Author: Nicole Taylor

Am I at risk of Dementia?

There are around 850,000 people in the UK living with dementia* and it is a condition that many people fear as they age. However, it’s important to remember that dementia is not inevitable and there are things you can do to reduce your risk of developing it. Dementia is a syndrome (a group of related symptoms) associated with an ongoing decline of the brain and its abilities. This includes problems with: memory loss thinking speed mental agility language understanding judgement We are all at potential risk of developing dementia, however there are factors which can increase or lower your risk. Risk factors of dementia: Ageing Age is the strongest known risk factor for dementia. The chances of developing it rise significantly as we get older. Over the age of 65 your risk of developing Alzheimer’s disease or vascular dementia doubles roughly every five years.** Gender Women are more likely to develop Alzheimer’s disease than men. The reasons for this are still unclear, but it has been suggested Alzheimer’s disease in women is linked to a lack of the hormone oestrogen after menopause. Ethnicity There is some evidence to suggest that people from certain ethnic groups are at higher risk of developing dementia than others. Those of South Asian background (such as India or Pakistan) are more likely to develop dementia more often than white Europeans. Similarly, those of Afro-Caribbean...

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Five ways to soothe bronchitis

If you have a hacking cough along with the symptoms of a cold or sinusitis, you may have a chest infection called bronchitis. Acute bronchitis typically lasts up to three weeks, and can affect anyone – though it’s more common in young children up to the age of five1, but can also affect adults, especially if they are smokers. According to the NHS, a bout of acute bronchitis is also more common in winter, since it often develops after you’ve had a cold, sore throat or flu (the condition is caused by the large airways in the lungs –...

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Living with COPD

If you have chronic obstructive pulmonary disease (COPD), you’ll no doubt already know how it can affect your daily living. Smoking is the main cause of COPD1 and should be avoided to reduce the condition’s impact. But there are other ways to manage your symptoms:   Stay as fit as possible According to the NHS, people with COPD who exercise or keep active on a regular basis have improved breathing, less severe symptoms and a better quality of life. Ask your GP about pulmonary rehabilitation – a structured programme of exercise provided by healthcare professionals and designed for people...

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Focus on… Medication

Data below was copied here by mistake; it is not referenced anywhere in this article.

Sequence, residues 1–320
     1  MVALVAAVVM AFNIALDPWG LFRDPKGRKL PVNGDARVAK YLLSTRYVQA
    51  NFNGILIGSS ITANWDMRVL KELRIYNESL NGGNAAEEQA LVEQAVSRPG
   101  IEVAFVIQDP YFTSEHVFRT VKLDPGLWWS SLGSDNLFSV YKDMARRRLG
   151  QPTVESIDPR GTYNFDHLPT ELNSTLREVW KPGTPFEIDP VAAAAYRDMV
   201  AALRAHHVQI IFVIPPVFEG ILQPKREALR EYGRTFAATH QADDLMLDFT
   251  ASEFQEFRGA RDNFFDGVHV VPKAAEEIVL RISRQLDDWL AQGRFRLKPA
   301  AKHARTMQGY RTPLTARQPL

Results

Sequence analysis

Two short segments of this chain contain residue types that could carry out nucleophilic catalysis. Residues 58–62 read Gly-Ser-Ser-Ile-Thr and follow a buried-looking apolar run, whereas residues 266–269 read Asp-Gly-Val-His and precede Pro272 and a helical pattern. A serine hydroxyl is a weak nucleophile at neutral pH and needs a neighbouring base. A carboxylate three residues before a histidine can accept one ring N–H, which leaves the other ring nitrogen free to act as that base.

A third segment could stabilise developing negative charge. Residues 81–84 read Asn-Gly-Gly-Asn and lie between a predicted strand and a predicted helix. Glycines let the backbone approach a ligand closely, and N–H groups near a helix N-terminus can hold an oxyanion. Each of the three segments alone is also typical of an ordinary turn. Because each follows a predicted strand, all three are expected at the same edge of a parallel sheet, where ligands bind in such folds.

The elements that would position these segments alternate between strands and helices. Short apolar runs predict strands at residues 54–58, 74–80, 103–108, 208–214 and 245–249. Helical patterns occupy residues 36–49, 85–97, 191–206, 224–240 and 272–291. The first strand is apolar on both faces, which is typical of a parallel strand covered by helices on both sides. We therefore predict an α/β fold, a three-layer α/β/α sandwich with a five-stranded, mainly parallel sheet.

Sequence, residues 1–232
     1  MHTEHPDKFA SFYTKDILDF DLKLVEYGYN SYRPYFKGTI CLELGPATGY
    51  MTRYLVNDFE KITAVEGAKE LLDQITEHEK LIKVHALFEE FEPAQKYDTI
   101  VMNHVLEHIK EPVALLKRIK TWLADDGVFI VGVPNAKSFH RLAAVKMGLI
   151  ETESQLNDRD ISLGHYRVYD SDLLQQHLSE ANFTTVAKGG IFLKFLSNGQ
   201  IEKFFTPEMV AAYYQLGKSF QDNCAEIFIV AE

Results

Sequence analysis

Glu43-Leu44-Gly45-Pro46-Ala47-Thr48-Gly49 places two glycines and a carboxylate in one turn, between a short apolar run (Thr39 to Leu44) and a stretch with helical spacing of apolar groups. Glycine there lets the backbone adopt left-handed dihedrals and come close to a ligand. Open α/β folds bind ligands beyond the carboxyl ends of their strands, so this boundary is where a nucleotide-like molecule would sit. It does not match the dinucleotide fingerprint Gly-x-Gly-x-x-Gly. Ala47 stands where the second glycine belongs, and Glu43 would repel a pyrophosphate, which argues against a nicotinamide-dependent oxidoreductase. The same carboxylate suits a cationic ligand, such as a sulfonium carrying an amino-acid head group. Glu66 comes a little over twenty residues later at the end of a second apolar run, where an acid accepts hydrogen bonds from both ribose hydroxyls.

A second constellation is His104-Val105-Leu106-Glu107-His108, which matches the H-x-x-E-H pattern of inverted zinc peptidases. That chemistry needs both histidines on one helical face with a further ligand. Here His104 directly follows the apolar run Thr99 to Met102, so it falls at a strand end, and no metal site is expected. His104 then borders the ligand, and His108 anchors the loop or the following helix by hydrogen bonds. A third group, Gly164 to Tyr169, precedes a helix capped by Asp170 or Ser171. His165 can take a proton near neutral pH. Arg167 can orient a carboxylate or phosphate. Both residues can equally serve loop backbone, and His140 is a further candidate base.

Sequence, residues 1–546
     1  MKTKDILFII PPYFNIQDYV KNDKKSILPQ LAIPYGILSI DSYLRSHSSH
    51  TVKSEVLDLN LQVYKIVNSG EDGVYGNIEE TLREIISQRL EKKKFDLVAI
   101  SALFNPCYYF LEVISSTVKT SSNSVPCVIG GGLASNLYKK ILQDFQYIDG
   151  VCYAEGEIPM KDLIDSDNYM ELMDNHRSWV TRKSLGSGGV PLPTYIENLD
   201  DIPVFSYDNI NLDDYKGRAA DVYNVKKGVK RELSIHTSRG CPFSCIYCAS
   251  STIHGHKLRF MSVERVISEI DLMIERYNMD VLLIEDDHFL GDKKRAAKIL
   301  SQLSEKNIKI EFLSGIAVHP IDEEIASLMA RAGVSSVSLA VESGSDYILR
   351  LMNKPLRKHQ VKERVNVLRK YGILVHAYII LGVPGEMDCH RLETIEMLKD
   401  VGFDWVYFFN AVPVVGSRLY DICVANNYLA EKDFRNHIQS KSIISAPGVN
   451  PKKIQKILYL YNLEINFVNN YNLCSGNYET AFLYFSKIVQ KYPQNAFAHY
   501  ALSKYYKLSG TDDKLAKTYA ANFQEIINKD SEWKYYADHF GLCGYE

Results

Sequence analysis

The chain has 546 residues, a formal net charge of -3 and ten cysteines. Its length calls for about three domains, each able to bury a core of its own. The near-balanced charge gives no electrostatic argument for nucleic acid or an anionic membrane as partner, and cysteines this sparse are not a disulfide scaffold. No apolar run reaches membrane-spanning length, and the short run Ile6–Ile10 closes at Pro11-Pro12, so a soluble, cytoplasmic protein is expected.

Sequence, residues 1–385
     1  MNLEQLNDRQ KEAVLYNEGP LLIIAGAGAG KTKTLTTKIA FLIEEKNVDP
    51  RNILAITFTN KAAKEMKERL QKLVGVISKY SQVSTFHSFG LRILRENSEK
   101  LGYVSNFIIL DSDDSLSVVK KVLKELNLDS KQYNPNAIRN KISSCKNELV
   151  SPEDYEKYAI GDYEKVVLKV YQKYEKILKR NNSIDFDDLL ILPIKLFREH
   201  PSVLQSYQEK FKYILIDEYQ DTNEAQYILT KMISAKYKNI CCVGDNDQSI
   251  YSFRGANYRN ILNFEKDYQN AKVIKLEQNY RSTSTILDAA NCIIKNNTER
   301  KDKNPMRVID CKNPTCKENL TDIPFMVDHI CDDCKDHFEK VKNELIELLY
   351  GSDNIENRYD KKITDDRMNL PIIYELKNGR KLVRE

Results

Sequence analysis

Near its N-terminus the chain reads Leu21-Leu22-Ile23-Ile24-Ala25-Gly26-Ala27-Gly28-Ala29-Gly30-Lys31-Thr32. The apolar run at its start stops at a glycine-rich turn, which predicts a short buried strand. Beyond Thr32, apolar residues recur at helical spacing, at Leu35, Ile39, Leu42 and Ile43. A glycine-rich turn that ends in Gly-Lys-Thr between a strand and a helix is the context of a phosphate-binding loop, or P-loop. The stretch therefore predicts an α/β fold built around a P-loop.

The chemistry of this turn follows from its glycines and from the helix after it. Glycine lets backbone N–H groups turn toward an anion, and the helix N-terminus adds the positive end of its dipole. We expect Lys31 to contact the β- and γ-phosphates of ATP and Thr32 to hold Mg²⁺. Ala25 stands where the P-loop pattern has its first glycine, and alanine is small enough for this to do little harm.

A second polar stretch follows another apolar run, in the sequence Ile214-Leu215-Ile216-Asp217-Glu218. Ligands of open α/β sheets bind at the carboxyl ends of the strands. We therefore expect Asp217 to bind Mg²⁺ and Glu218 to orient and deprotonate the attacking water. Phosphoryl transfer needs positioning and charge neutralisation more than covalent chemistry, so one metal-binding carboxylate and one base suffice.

Our Pharmacist Steph Pacey answers your healthcare questions. I have to take multiple medicines and I am getting confused on what they are for, and when to take them all. Can you help?   Here at LloydsPharmacy, we are experts in medicines and our Pharmacist’s are there for you to discuss any questions or concerns you have. To help you, why not try to; create your own timetable that states what time you need to take your medication. Place it somewhere visible like on your fridge. use a pillbox. They can help ensure you take the right dosages and are handy to take out with you. make taking your medication part of your daily routine. Take it when you do something at the same time every day – such as making breakfast or watching the news. get your family and friends to help you. Could they drop you a text or give you a quick call to help remind you? You could also set alarms on your mobile phone. Pop into your local LloydsPharmacy and speak to our Pharmacist about a FREE Medicines Check Up. They will help put your mind at rest and tell you what your different medications are doing to help improve your condition. They can also help you understand how and when to take your medicines.       If you need some expert...

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Smoking & COPD

Chronic obstructive pulmonary disease (COPD) is the name for a number of lung-related diseases, including chronic bronchitis, emphysema and chronic obstructive airways disease. If you’re affected by it, you may have one or more of these conditions, all of which cause breathing difficulties. According to the NHS there are 900,000 currently diagnosed cases of COPD, though it’s estimated that three million people may be living with it, as many may not realise they have it. For those who have more than a mild case of COPD, the condition can affect their quality of life and may lead to life-threatening...

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Find help with your diabetes

Find help with your diabetes

Save up to £10 on Paingone and Paingone Plus

Save up to £10 on Paingone and Paingone Plus

Find your perfect mobility scooter

Find your perfect mobility scooter

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